Morley Professional Development Photography
In January 2020 at the beginning of the Spring Term the students of Morley’s Professional Development Photography Course returned to college, never expecting that by the end of March they along with the rest of the country would be isolating at home; corresponding with their classmates and tutors online and pondering the world in a completely different light.
For photographers in particular the current lockdown situation has forced a re-framing of personal and shared experience, a re-examination of space and place, and a new understanding of society and ones place within it.
It is with these considerations in mind that the students embarked upon an exploration of potential new themes for their course exhibition, which was to be held in college and has now been developed to appear online. They have managed in a few short weeks to produce new work on themes of Isolation and I congratulate them on this achievement. They have come together online in a series of discussions on the potentials, developed a website, social media platforms, written personal statements and produced photographs. It has been a real challenge and the students have shown magnificent willingness to embrace new methods of working, explore alternative ideas and reinforce their creative practices with work that they may never have produced had it not been for this situation. All the while they have been dealing with their own difficulties and worries, family issues, work complications, and a new entirely online mode of learning.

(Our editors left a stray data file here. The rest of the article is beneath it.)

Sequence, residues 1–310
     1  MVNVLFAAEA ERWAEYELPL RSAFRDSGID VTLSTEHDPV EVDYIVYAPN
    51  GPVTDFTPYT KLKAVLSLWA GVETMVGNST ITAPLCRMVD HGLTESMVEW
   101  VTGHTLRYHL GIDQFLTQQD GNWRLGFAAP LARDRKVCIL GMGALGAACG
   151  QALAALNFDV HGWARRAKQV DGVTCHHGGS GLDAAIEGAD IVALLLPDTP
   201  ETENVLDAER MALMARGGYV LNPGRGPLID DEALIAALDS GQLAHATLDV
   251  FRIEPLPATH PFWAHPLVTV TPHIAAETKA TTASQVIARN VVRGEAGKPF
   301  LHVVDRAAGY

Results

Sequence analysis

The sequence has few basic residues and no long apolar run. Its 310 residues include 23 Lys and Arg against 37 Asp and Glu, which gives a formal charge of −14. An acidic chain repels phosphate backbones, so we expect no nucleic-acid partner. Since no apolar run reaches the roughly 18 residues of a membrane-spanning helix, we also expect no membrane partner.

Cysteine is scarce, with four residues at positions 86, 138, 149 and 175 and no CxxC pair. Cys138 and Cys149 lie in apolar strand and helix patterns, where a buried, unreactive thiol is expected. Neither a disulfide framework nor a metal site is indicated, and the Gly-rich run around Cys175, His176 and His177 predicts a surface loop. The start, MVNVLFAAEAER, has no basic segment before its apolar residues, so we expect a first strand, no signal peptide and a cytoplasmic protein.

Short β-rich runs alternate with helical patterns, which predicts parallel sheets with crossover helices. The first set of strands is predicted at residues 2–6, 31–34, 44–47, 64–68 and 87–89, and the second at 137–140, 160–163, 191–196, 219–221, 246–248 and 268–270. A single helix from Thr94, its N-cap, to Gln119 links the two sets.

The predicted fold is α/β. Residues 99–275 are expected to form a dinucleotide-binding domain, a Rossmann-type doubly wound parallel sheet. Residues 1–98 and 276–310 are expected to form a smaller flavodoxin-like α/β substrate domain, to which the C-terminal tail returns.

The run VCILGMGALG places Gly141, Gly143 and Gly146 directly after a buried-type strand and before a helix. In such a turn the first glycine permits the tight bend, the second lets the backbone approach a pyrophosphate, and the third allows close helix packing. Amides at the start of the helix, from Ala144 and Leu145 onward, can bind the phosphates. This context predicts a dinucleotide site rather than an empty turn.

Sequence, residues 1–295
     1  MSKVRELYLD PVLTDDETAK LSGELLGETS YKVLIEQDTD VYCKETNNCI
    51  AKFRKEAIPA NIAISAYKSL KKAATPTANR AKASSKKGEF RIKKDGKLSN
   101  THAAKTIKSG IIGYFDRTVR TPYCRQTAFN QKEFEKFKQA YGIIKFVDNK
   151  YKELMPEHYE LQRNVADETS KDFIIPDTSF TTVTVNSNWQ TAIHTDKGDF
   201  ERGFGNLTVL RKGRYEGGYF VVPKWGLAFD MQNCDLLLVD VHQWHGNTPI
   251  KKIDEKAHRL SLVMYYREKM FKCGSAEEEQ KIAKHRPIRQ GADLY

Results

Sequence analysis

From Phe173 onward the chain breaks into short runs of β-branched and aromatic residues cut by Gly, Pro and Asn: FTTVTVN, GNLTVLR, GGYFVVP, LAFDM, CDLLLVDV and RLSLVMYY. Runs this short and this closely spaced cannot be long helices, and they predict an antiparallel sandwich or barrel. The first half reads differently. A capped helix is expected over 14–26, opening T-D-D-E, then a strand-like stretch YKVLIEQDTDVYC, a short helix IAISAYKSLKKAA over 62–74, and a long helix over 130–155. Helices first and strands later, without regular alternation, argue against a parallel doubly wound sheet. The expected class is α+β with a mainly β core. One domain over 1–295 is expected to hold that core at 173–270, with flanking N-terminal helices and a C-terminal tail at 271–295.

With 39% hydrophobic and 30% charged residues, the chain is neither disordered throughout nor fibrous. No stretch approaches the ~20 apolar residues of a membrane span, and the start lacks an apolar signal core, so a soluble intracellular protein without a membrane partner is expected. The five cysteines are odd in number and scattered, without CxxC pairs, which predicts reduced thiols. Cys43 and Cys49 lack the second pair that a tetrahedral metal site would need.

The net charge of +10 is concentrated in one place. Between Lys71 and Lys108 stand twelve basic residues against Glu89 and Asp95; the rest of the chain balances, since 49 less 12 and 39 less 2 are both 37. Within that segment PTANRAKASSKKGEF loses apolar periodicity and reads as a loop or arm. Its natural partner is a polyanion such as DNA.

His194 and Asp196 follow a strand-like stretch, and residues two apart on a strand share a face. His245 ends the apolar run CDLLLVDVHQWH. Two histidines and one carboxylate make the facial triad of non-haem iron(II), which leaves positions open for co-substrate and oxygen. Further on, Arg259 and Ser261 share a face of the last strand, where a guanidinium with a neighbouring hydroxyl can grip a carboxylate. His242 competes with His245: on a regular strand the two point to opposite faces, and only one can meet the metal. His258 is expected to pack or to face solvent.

The exhibitions’ title ‘SeeSaw’, suggests a tenuous balance between the experience of present and past, as the current situation has developed the world, seen before in one way, is now viewed very differently. In a period of shared uncertainty, decisions made now will affect the balance of future outcomes in a potentially precarious manner – or hopefully promote stability.
The students exhibiting here have risen to the challenge set: previous work is (re)presented in ethereal colour revealing a new visual impact. Other students work proposes the domestic space as a form of ‘Gallery’, still others have turned to the imaging of the self and the presentation of people portrayed at home. Others invite us to view simple everyday objects via close, poetic contemplation.
Many congratulations to the students, their professionalism, positivity and initiative has been entirely evident from the very beginning and this stands them in good stead as they embark on their careers and further courses of study. I also want to pay tribute to their tutors – Bruce Tanner and Lydia Evans, who worked hard to support, encourage, share their experience and swiftly get to grips with online teaching.
Steve Mepsted Programme Manager: Digital Media, Film and Photography
A selection of work from the show: